Change the world


It’s the image from countless films and novels:  the old fisherman and his sons pulling their boat up on the sunwashed beach, where people from the small community who live in the white-washed houses above the shore are waiting to help unload the catch.  
Unfortunately, in South Africa right now, this romantic ‘Old Man Of the Sea’ would be a criminal.  
The Marine Living Resources Act, 1998 (MLRA), which regulates fishing rights, has a grey area when it comes to residents who have been fishing for themselves for generations.  In the past they were classified as ‘subsistence fishers’ (people who fish purely to feed themselves).  But when the MLRA was amended in 2016, this definition fell away.   So this old fisherman, his family, and the community that has lived off the sea for generations, may have no protection under the law.   
This is something that Anthea Christoffels-Du Plessis, a researcher with the Nelson Mandela University Faculty of Law, is determined to help change.  
“There was a class action in 2006/2007 challenging the previous provisions in the Marine Living Resources Act of 1998,” she says, “which also highlighted the shortcomings of the Act when it comes to customary fishers.  As a result, the South African government was compelled to adopt a more human-rights-based approach and they drafted the Small-Scale Fishing Policy.  It’s an improvement, but still inadequate.  The Small-Scale Fishing Regulations of 2015 and the amended MLRA  do not speak to each other.”  
“For instance, in 2012 fishers from the Dwesa-Cwebe community were arrested and charged for contravening the MLRA, because they were fishing in a marine protected area without a permit.  After years of litigation, the SCA finally decided in 2018 that the MLRA neither extinguished nor preserved customary rights, that subsistence and customary fishers were similar but not the same, and that the customary right renders fishing without a permit lawful.”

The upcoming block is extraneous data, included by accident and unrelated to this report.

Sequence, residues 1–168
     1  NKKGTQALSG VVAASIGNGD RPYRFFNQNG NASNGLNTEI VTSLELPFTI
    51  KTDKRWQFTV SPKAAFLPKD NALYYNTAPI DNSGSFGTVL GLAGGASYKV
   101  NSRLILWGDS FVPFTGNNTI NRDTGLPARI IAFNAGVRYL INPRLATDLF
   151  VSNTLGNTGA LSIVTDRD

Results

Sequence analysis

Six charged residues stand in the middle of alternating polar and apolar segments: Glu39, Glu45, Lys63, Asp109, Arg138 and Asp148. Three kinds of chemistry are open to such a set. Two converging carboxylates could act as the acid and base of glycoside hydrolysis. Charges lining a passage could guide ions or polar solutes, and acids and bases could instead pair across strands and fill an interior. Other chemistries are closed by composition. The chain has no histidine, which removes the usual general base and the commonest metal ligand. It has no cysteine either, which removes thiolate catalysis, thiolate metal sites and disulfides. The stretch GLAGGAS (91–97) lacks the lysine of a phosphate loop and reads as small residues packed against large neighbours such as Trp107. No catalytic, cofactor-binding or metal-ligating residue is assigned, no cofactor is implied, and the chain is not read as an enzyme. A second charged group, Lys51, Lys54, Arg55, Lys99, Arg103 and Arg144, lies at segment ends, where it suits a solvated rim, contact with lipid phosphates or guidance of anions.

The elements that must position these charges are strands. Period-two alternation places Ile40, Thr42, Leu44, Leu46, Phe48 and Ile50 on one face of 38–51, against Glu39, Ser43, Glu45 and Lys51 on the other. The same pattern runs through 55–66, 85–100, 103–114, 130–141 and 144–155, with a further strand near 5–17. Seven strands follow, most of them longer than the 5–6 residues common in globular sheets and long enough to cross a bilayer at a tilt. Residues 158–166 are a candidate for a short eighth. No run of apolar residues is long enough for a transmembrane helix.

“So the effective implementation of the law is problematic and the role of customary fishing rights remains fragmented.  There is no criteria for classifying customary fishers and what resources are available for their use.”
Anthea has no connection with fishing or fishing communities, but like any good human-rights public lawyer she saw a gap in legislation that needed to be filled.  Her research is therefore aimed at proposing a clear and unambiguous definition for a customary fishing right to identify this sector as a distinct class of rights-holders worthy of legal recognition and protection.  
This lack of definition also makes it impossible to count just how many people fall between these legalistic cracks.  The Department of Fisheries reported in 2017 that there were more than 300 fishing communities in South Africa, comprising perhaps 60 000 households.  But there are no figures to determine how many customary fishers there are.  That is one of the core reasons why Anthea is doing this project.
“My research is purely legalistic,” Anthea says.  “I have been perusing case studies and legal precedents and literature both domestic and international to learn what laws and policies are in place in other countries.  I chose Canada and Kenya as case studies... Canada because it is a first-world country with indigenous minorities that practice customary fishing for subsistence, culture and spiritual reasons, and Kenya because of the large populations of fisherfolk that depend on the sea for their livelihoods and ways of life.”   
Commercial fishing has gobbled up many fishing opportunities, and one of the complaints from commercial fishers is that small-scale fishers infringe on their territories and quotas.  However, in Anthea’s opinion, the opposite should be the case:  large factory-fish operations should rather be compelled to make way for the small scale fishers, who have grassroots community involvement and play a role in food security in poor and marginalised communities.
For the thousands of young people who want to earn a living the way their fathers and grandfathers did;  for the families and communities whose way of life is built around the wash of the sea tides and the regular return of the fishing boats, Anthea’s work offers a lifeline.  It gives these communities rights and dignity.  It allows them to cement their relationship with the sea - that gives them hope, a livelihood, and a sense of place. 

Contact information
Ms Zandile Mbabela
Media Manager
Tel: 0415042777